By Chetan Narula in Wellington:
Rain has always been a troublesome affair when it comes to cricket, but it takes a cyclone washing away a World Cup match to stop tournament favourites Australia in their tracks. Thanks to the points shared in Brisbane, where the co-hosts sat alongside Bangladesh sipping hot tea while staring at the rain, Pool A’s plot kicked into high gear this past weekend.
40,000 people packed into Eden Park in Auckland on Saturday for the battle of the hosts. Is it possible for half the number of those at last Sunday’s game to make the same amount of noise as the full MCG crowd? Yes, for that is what David Warner inspired in them. After an initial pasting, when Tim Southee bowled Aaron Finch, you could have been forgiven for believing that India were still playing South Africa in front of 87,000-plus screaming fans.
It took Daniel Vettori to reveal a weakness in this Australian team: he forced them to slow down, which made them lash out dangerously. Their batting was bound to fail at some point in time, as it did on Saturday. Yes, Trent Boult did run through their line-up, but look closely and you will find some shots that should not have been played, against neither pace nor spin, in their situation. Did the pressure, or the raucous Kiwi crowd, get to them?
If it did, the batsmen were not the only ones affected. Mitchell Johnson cut a sorry figure with the ball in hand. This is the world’s most fearsome fast bowler; England shudder at the mere sight of him standing at the top of his run-up. Egged-on by the crowd, Brendon McCullum made him look like a debutant struggling to cope with the pressures of international cricket.
Even so, if there was any team in this tournament that could defend a 150-odd total against the marauding Kiwi batting line-up, it was this Australian attack. Mitchell Starc showed why, nearly winning it for Australia. The match ended with the proper result, victory for the Black Caps, but did it run closer than it should have? Perhaps not, for the one-wicket margin proved that these two teams are equally matched, both in bowling prowess and batting frailty. And they are still the best out there in this competition.
New Zealand are now atop the group table with eight points and have qualified for the quarter-finals, the first team to do so in the 2015 ODI World Cup. Unless they lose to either Afghanistan (in Napier on March 8) or Bangladesh (in Hamilton on March 13), they are assured to play the fourth-placed team from Pool B in Wellington on March 21.
Australia too will enjoy home advantage, on qualifying, at Adelaide on March 20. There is no doubt that they will; what remains to be seen is at what place in the pool they will get through. They have won only one match out of three, thanks to the Kiwis and the cyclone at the Gabba, and now face Afghanistan (in Perth on March 4), Sri Lanka (in Sydney on March 8) and Scotland (in Hobart on March 14). Any more weather interventions, particularly in the Lanka game, will see them finishing no higher than third in Pool A.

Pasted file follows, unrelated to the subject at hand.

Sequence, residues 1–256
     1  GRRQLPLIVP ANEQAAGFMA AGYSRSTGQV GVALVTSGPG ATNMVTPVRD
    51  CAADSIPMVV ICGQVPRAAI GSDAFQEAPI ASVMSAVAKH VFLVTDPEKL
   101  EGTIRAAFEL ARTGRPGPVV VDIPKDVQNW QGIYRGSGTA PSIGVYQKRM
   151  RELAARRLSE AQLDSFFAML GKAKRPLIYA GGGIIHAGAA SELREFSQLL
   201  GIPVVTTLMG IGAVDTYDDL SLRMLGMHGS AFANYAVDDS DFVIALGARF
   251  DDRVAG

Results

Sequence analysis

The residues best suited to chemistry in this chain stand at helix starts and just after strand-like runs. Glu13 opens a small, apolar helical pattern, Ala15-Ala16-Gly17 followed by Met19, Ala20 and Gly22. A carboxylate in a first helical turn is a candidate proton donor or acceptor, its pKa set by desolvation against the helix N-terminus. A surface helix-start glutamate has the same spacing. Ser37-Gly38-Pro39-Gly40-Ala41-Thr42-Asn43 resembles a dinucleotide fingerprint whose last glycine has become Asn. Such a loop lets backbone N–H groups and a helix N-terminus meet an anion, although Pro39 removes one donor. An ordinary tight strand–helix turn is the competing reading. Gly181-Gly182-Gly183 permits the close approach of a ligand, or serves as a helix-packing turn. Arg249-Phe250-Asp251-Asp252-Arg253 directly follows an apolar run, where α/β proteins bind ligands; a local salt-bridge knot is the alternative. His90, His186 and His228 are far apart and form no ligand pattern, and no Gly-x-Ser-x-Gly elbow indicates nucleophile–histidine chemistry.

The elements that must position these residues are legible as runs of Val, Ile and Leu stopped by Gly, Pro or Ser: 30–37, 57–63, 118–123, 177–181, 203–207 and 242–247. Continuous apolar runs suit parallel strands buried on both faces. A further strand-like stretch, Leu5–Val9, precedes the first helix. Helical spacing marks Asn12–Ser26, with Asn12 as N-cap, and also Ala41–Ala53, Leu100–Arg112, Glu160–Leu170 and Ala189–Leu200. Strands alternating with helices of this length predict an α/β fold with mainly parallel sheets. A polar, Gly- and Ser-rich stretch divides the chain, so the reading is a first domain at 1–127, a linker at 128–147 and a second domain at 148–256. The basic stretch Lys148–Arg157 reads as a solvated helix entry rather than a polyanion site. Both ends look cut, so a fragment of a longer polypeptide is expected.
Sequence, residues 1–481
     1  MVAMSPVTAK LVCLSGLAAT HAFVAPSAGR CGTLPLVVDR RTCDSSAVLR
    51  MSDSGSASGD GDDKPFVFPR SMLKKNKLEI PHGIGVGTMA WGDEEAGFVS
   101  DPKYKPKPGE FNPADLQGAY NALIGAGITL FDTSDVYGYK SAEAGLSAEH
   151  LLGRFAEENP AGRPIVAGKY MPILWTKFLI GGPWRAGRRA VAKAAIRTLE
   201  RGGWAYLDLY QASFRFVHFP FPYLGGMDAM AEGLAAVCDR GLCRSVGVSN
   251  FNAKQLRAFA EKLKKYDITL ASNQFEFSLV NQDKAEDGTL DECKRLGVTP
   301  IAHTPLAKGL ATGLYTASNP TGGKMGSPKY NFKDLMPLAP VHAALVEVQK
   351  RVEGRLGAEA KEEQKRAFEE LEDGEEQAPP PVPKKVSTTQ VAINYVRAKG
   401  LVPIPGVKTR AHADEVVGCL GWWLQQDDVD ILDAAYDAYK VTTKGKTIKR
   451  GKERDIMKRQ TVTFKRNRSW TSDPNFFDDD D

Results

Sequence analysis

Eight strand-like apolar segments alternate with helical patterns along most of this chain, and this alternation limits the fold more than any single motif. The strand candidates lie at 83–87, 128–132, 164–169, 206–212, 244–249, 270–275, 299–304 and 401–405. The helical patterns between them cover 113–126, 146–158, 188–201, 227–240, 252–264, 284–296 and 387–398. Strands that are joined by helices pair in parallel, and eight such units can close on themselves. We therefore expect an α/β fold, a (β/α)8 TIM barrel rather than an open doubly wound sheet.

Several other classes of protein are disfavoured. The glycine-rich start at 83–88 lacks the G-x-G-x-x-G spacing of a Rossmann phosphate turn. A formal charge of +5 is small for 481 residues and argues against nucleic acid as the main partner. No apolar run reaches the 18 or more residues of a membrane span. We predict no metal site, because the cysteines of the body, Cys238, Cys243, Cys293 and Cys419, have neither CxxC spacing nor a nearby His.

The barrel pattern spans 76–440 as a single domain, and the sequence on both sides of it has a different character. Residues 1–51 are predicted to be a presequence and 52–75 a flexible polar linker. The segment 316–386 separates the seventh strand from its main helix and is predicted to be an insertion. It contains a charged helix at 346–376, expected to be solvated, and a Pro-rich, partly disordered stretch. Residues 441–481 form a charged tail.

This is because Sri Lanka now sit pretty on six points from four games, having beaten Afghanistan, Bangladesh and England, the last one a comprehensive nine-wicket win in Wellington on Sunday. They are yet to play Scotland (in Hobart on March 11) and Australia. If they win these games and get four points, they will move ahead as the second-placed team in the group. The loser of the clash in Sydney will play the second-placed team in Pool B, in all likelihood South Africa.
Where does this leave England and Bangladesh? Let us start with the latter. As always, they have been given a chance. The difference is that Mother Nature provided them with this glorious opportunity to reach the quarter-finals instead of the ICC. But do they understand the value of the one-point granted in that washed-off match? That golden, solitary point, against Australia!
They looked rusty in the win against Afghanistan, almost choking in their innings before waking up and finishing the game. Against Sri Lanka, the true Bangladesh showed up. They dismissed Lahiru Thirimanne only on the fifth attempt. It is a wonder the opener didn’t go on to score a double hundred. It can be assumed safely that they will not upset New Zealand in their last pool game. Whatever is needed to qualify has to be done in the next two matches - Scotland (in Nelson on March 5), and then England (in Adelaide on March 9).
If they do beat the Scots – who are desperate to bounce back from the loss against Afghanistan – their England clash will become a virtual knock-out with the quarter-final spot on the line. And they ought to fancy their chances, despite shoddy cricket all-round, for at this moment in time, the current English side is a very confused lot. On a day when Joe Root’s century finally gave them a semblance of a good total, their bowling went on holiday.
Wrong selections and an illogical batting order ensure that this English line-up is unable to play ODI cricket the way it should. When that happens they look for answers elsewhere, ignoring the blindingly obvious. This, in turn, creates even more trouble for them, confusing their batsmen, their captain and everyone supporting or even just watching them.
It is simply astonishing that a team under so much scrutiny from fans and media alike – perhaps second only to the Indian team – cannot suitably react to the wave of criticism against its decision to demote James Taylor to number six. He is a batsman fit to bat at number three, for he can drop anchor as well as attack when set later, qualities needed at this spot.
Maybe the team management knows better. Yet in the wake of Gary Ballance’s repeated failures, they persisted with him in a near must-win game against Lanka. For this rigidity alone, which is quickly becoming synonymous with English cricket, they deserved to lose and will lose again, if they do not realise what is at stake.